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Technology is reshaping childhood — should we be worried?

21 March 2014

12:00 PM

21 March 2014

12:00 PM

Are children utterly obsessed with technology? Yes, is the obvious answer to that question, but debate about whether is it a good or bad thing rages around forums such as Mumsnet. Many believe the innocence of childhood has been ruined by unfettered access to the Internet, videos, games and goodness knows what else. Others instead think that every generation of children is different and parents have to move with the times instead of yearning for their own past.

I have to admit I’m a little biased. I built my first computer when I was six and spent most of my teenage years faffing around with websites and attempting to code. No doubt I missed out on the joyful pursuits of kicking a football but I loved every minute of it. Now, I use technology almost exclusively for work purposes and spend little time playing with with tech for its own sake. Maybe I overloaded when I was a child? Or maybe it’s growing up?

It’s not just at home that computers (which includes tablets, watches, phones) have become one with children. Schools are now more akin to Apple Stores than quiet chambers of learning. In the Spectator’s independent schools supplement last year, I looked at how technology is changing the classroom and the three distinct phases of its evolution:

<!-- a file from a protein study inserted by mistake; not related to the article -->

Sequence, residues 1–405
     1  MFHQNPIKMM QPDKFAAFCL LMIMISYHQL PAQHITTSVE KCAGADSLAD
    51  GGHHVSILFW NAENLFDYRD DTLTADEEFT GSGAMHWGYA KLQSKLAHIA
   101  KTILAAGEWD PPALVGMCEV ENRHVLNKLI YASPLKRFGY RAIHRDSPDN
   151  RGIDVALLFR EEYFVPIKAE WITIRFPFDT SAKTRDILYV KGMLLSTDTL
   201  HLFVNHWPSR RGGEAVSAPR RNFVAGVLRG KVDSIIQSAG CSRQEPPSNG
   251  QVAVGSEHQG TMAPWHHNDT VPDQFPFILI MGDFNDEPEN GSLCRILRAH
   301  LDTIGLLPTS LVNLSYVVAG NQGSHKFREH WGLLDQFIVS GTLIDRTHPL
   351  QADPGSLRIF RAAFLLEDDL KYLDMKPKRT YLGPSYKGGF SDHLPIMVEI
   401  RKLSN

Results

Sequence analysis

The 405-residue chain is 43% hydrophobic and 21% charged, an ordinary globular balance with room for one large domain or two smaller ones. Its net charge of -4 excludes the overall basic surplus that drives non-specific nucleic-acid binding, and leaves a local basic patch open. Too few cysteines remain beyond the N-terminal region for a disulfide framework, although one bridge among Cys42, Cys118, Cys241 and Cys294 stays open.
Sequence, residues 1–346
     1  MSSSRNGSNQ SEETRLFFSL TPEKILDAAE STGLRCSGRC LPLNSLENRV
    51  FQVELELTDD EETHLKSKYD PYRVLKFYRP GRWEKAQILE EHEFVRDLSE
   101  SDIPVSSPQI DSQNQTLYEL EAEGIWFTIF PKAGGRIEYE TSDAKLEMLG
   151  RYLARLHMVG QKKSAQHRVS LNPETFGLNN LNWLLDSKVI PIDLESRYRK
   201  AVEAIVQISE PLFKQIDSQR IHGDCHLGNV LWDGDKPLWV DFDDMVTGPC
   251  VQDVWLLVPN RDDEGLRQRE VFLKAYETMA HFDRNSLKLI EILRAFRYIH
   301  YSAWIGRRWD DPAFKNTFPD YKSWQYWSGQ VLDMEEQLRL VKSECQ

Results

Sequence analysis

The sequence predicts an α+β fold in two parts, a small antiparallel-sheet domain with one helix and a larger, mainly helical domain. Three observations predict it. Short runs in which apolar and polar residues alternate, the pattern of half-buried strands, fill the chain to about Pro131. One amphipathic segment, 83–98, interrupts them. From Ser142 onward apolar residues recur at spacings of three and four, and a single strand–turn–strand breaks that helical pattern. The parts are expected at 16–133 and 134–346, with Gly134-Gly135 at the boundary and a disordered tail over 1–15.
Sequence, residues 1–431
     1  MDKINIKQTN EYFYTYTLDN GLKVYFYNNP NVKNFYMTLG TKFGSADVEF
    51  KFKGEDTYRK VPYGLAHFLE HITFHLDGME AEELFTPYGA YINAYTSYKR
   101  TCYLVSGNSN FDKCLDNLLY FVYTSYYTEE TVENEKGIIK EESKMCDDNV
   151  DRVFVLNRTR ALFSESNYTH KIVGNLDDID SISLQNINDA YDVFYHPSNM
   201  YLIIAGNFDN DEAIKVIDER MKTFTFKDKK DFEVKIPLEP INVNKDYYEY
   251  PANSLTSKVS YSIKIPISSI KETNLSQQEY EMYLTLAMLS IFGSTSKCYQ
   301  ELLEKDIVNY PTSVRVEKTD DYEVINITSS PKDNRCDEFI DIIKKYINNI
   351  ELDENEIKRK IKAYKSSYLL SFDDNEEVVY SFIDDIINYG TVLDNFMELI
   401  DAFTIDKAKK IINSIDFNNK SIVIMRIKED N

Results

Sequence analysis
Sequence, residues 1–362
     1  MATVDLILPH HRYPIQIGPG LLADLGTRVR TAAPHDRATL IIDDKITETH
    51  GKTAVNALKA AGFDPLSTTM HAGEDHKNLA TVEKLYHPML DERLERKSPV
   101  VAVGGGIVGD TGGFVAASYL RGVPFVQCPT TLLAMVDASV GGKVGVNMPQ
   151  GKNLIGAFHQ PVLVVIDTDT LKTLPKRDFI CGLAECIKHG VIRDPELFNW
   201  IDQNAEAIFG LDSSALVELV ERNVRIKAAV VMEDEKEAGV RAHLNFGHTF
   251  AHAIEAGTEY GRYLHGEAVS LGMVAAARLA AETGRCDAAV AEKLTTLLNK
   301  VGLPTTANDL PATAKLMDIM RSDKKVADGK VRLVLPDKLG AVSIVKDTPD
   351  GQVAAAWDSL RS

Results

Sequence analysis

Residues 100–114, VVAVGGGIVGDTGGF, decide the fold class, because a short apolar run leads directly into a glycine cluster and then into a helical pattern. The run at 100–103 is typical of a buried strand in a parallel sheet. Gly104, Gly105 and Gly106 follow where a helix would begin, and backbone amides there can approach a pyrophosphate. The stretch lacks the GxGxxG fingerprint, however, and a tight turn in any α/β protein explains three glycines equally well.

‘The third phase is the one schools have entered today. Computers and curriculum now have a symbiotic relationship. Thanks to Moore’s law, which states that the power of computing doubles approximately every two years, pupils now hold more technological power in their hands than an entire school had 30 years ago. Tablets and iPads are ubiquitous, with one for every pupil in some cases. Lessons can be recorded and distributed as podcasts. Notes and teaching materials are stored online through virtual learning environments, fully accessible from home. ICT is being replaced with more sophisticated computing or computer science courses.’

Whether the rise in technology is damaging a child’s development or creating a superior learning environment is the very topic of the next Spectator event. We’ll be examining the always-on generation with a stellar lineup including the Culture Minister Ed Vaizey, the psychologist and author Oliver James, our Wiki Man columnist Rory Sutherland and Microsoft’s chief online safety officer Jacqueline F. Beauchere. Book your tickets here!

Subscribe to The Spectator today for a quality of argument not found in any other publication. Get more Spectator for less – just £12 for 12 issues.

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